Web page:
TIPHC Newsletter, Apr. 28-May 4, 2019

She Survived a Slave Ship, the Civil War and the Depression. Her Name Was Redoshi.

Photo: Redoshi, who was known as Sally Smith after she became enslaved, with her husband, called Uncle Billy or Yawith. (Credit, via Shirley Quarles)

(New York Times) It has long been believed that a man named Cudjo Lewis was the last living survivor of the trans-Atlantic slave trade in the United States. Now a researcher at Newcastle University in Britain says she has discovered testimony from someone who may have lived even longer — a woman named Redoshi.

The new findings, published last week in the journal Slavery & Abolition, are likely to be subject to scholarly debate, because there are few records documenting the lives of the last Africans to be captured and brought to the United States on slave ships.

Regardless of Redoshi’s precise historical status, the researcher, Hannah Durkin, has pieced together accounts from different sources and census records to carve out the remarkable life of a woman who survived the treacherous Middle Passage voyage at age 12, was sold as a child bride, and lived through the Civil War and the Great Depression. According to Dr. Durkin, Redoshi died in 1937; Lewis died in 1935. (more)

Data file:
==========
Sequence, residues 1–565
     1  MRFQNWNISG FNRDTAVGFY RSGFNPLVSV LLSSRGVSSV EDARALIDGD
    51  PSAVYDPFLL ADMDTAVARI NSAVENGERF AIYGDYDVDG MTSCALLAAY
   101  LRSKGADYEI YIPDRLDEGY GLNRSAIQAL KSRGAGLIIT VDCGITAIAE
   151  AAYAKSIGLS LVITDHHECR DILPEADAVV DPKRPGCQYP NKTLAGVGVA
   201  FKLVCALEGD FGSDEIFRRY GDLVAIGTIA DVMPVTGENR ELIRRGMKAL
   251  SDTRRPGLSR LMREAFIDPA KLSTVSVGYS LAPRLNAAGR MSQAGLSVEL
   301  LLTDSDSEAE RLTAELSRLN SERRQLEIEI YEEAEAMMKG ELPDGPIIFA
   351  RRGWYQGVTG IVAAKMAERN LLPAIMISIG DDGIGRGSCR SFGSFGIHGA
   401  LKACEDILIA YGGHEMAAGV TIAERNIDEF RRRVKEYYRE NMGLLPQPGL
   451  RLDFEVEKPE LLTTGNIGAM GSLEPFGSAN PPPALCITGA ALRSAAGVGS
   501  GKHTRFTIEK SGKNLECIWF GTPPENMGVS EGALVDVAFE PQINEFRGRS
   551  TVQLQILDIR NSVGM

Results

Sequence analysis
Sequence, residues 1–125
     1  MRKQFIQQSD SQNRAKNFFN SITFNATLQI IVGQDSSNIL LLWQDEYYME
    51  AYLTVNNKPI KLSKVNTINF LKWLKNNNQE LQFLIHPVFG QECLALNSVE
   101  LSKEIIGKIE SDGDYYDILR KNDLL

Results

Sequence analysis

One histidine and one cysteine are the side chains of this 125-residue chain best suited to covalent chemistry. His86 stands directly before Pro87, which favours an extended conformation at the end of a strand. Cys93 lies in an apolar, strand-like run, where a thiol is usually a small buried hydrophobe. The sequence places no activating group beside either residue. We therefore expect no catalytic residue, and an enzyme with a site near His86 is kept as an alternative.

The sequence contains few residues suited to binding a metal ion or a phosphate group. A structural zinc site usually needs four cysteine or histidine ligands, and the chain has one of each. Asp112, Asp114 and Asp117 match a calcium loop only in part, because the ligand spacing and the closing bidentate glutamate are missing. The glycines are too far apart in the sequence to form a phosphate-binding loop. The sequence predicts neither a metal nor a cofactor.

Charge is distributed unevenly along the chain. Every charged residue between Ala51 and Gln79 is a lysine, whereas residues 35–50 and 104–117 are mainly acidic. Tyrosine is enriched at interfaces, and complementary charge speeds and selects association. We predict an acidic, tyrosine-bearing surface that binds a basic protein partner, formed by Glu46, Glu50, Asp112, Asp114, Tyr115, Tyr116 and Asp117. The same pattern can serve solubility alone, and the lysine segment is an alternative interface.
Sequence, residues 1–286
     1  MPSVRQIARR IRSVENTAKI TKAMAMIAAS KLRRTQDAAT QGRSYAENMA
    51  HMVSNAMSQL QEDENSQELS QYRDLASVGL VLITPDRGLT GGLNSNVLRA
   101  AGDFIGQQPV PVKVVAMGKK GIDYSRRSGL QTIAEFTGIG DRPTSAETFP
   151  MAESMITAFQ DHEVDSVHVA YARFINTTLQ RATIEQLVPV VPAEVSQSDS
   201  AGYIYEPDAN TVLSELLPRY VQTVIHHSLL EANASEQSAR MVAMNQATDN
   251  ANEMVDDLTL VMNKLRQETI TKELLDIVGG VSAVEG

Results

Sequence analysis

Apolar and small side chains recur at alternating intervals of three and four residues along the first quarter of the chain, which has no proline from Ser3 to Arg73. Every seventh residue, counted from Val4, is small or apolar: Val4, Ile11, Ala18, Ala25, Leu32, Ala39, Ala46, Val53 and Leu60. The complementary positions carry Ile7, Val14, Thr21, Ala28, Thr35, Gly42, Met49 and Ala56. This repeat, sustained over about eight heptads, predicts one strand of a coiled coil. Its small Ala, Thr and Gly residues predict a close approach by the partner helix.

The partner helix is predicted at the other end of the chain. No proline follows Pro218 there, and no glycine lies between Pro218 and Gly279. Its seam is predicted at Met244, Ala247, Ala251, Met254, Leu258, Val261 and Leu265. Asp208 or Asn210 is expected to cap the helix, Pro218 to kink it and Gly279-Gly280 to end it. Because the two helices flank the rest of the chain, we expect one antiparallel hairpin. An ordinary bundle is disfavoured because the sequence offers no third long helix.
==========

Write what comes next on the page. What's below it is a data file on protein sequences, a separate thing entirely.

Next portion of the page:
Police Chief Apologizes for 1922 Lynching As Abilene Confronts Painful Chapter Of Its History

Abilene Police Chief Stan Standridge

Abilene Police Chief Stan Standridge (second from left) apologizes to the family of Grover C. Everett. (Photo: Ernesto Guajardo)

(KeraNews) A lynching that took place 97 years ago in Abilene, Texas, was publicly recognized for the first time Saturday. A college student’s curiosity was the first spark that made it happen.

Bria Kimble, a senior sociology major at McMurry University, recently read the book Lynching in America for a class.

“I’m always interested in researching things so I went to Google, typed in ‘lynching in Abilene, Texas’ and I found Grover Everett,” she said. “From there it just kind of spiraled into more questions and trying to figure out what happened.”